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Center Stage (2000)
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Review Date: May 05, 2000
Director: Nicholas Hytner
Writer: Carol Heikkinen
Producers: Laurence Mark
Actors:
Amanda Schull
Ethan Stiefel
Plot:
A bunch of dedicated ballet-dancing teenagers must vie for a handful of openings at the prestigious American Ballet Company. Competition, jealousy, hard work and love all find their way into the story.
Critique:
Despite its unoriginal theme, this film actually managed to keep me somewhat entertained with its light drama, light humor and inspirational message for the kids. In fact, one of the main things that I liked about this movie was how it was so different than all of the other "cooler" teen flicks which pack our multiplexes every other weekend. These teenagers actually seemed to have ambitions, goals, passions for a career, as opposed to the sorry sack of sex-starved teens which usually line these films. Mind you, there's definitely a place for those boogers as well, in fact, I enjoy a good time as much as the next guy, but it was still nice to see some kids actually trying to make something of themselves. Refreshing, really. The film also featured many great dancing moments, as you would expect, and despite it being ballet-dancing, which I admit to despising personally, I still managed to remain quite interested, if only because of the superior technique utilized so masterfully by these boys and girls. But when you consider that this film is aimed primarily at teenage girls, it doesn't really make sense to read reviews of the movie coming from 50-year old men, who will more than likely, not appreciate the film on the same level as its intended audience.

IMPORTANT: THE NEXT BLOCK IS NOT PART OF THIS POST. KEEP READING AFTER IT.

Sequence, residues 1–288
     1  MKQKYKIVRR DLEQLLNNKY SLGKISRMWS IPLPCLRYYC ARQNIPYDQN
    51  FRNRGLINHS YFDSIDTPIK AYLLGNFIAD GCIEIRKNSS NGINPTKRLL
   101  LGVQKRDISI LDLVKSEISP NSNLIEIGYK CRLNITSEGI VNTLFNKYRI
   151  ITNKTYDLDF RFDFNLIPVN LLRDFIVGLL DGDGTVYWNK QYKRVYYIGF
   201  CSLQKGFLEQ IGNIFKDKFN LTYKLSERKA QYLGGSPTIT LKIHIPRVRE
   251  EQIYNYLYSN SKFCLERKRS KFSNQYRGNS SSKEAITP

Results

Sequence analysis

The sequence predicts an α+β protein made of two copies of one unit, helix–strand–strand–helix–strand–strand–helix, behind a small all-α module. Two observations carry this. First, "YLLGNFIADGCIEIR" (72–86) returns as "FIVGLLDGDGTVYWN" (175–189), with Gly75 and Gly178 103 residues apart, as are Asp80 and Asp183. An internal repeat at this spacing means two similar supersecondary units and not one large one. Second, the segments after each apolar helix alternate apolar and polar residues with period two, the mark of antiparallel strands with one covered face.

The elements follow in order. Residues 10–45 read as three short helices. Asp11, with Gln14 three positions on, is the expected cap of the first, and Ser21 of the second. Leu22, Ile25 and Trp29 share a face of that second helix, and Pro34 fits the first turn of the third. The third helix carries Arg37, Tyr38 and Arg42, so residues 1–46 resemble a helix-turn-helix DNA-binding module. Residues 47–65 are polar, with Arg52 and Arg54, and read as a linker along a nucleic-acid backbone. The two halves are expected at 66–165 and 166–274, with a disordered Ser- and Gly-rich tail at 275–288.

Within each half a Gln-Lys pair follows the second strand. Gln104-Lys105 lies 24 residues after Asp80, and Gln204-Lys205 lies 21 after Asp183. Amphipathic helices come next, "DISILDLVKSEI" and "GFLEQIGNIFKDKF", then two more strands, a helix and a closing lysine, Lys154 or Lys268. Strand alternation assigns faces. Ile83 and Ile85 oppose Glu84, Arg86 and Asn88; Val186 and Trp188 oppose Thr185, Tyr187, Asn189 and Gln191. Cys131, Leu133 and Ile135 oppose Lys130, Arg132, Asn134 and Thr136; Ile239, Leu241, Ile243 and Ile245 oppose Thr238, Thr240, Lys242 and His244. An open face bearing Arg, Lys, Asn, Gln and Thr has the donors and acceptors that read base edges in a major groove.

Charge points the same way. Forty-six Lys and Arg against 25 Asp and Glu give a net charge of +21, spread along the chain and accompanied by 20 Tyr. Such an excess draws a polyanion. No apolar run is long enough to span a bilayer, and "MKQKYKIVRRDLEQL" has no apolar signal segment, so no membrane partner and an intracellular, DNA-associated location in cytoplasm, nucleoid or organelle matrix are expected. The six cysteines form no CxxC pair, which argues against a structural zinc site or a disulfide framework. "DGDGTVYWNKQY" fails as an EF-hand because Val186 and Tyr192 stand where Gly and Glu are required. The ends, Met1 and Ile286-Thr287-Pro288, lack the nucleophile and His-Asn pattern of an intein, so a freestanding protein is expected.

I personally thought that the film was okay overall (and I still haven't hit the big 30, people!), despite a couple of so-so actors, and a few lines which were just horribly trite, I did appreciate the film's integral message of persistence, hard work and truth to oneself. Many older generation folks have probably seen this theme developed better in a handful of other films, including FAME, the obvious comparison point. But on its own, this film moves along at a quick pace, offers an endearing performance from its star, Amanda Schull, and ultimately managed to keep an ol' foggie like me involved for most of its run-time, so all in all, not too shabby. Of course, I could have done without the obvious attempt at "connecting" with the younger audience, with the final ballet show featuring a corny "modern-ballet" motif, but then again, I'm not exactly a teenage girl (anymore, that is :), so who knows how that will play to its target audience.

So see this movie if you like ballet, need some teenage inspiration, or honestly just like to see boys and girls skip around in tights, or skip the movie altogether, if you're looking for something revolutionary or truly insightful.
(c) 2016 Berge Garabedian
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